The first two weeks of spring have put more of a step into house price growth in Sydney and Melbourne, CoreLogic figures show.
Halfway into September, the data provider's daily home value index shows a 5.3 per cent quarter-on-quarter growth in Sydney home values - up from the 3.9 per cent at the end of August - and a 5.1 per cent quarterly increase in Melbourne, up from 3.4 per cent.
CoreLogic's figures as of September 14 also showed an improvement in Brisbane, Adelaide and Perth. The Queensland and SA capitals turned positive, while the pace of decline in Perth slowed.
The latest short-term figures are not necessarily definitive. The Reserve Bank of Australia last month singled out CoreLogic, saying it had 'overstated' price growth in Sydney and Melbourne. Figures from rival data provider SQM Research for the three months to 13 September show a more moderate picture, with Sydney houses unchanged and units up 1.1 per cent.
While the numbers for the first two weeks of spring, suggest buyers are making use of record low borrowing costs - after the Reserve Bank cut the benchmark cash rate to 1.5 per cent in August - to chase housing stock levels that are picking up.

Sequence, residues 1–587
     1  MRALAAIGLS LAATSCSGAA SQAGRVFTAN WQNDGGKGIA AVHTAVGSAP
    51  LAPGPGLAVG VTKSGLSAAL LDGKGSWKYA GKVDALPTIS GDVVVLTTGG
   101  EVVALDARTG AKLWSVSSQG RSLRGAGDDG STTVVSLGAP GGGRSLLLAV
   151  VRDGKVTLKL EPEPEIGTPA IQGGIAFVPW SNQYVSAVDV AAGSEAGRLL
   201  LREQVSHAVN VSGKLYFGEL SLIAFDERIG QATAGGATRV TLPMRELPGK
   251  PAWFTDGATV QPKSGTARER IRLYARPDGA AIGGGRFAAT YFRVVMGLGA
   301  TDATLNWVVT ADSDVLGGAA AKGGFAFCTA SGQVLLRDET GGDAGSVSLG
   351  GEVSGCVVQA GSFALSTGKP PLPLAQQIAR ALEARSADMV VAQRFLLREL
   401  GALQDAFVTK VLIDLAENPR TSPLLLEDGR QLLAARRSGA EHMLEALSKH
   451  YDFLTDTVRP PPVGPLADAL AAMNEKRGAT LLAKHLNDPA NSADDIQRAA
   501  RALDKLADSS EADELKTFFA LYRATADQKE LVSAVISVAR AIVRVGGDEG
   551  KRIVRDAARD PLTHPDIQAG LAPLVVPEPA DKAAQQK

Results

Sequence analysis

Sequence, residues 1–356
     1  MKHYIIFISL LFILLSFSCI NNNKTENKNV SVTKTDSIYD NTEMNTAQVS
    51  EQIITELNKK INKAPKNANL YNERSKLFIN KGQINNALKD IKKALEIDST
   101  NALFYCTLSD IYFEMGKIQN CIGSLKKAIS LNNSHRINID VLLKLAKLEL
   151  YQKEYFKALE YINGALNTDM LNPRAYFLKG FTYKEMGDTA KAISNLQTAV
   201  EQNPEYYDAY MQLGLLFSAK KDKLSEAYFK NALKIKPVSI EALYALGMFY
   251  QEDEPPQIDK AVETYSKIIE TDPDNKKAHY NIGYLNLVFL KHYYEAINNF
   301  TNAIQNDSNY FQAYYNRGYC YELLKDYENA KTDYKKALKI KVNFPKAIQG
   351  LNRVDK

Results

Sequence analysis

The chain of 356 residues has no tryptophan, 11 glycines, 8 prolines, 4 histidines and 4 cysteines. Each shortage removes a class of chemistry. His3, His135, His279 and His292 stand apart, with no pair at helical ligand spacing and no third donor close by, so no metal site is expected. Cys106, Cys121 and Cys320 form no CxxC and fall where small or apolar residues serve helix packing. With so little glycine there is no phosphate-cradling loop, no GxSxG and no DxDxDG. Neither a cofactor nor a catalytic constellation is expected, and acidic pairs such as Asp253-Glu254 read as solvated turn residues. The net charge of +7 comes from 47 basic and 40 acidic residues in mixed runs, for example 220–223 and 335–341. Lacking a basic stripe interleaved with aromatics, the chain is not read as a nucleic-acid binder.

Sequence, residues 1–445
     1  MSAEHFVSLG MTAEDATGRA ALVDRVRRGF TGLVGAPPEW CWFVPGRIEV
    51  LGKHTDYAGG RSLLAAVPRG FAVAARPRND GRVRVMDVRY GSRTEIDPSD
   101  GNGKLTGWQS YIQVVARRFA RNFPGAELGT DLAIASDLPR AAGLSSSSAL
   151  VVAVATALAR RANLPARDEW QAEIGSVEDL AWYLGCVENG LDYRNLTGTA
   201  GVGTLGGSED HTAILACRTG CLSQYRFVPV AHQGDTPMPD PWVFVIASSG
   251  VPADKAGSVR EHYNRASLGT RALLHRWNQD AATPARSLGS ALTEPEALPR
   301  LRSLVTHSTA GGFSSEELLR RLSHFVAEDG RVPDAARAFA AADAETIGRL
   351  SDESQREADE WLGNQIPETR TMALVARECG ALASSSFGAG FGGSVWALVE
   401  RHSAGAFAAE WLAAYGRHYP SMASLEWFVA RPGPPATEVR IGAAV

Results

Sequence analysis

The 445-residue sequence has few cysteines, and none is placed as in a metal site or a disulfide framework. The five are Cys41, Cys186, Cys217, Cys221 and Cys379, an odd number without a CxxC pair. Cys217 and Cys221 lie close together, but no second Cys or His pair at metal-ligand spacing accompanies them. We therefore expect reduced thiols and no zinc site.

Recent evidence, such as midweek auctions this week in Sydney, certainly indicate a booming market. Two thirds of properties listed for auctions on Tuesday sold before the night and the rest were cleared out in under an hour.
An eastern suburbs couple secured a three-bedroom apartment at 42 New Beach Road in Darling Point for $2.425 million for their children. The reserve was set at $1.9 million and the apartment had no views at all.
"There is a little more evidence the inner ring is running faster than what we expected," SQM director Louis Christopher said. "We think the inner ring is running very hot."
But outside the city's inner suburban areas, the market was slower, Mr Christopher said.
"They are two contrasting markets," he said.
In Melbourne, houses have risen 4.3 per cent over the three months to 13 September while units have shed 0.5 per cent in value.
That was a likely reflection of concerns about oversupply of apartments in the Victorian capital, Mr Christopher said.
Only about 150,000 to 165,000 dwellings would be needed as population growth falls, against a supply of 214,000 by 2017, consultancy BIS Shrapnel said on Wednesday.
"There will be oversupply in all cities except for Sydney. The pain will really be felt in 2017 and 2018," BIS managing director Robert Mellor said.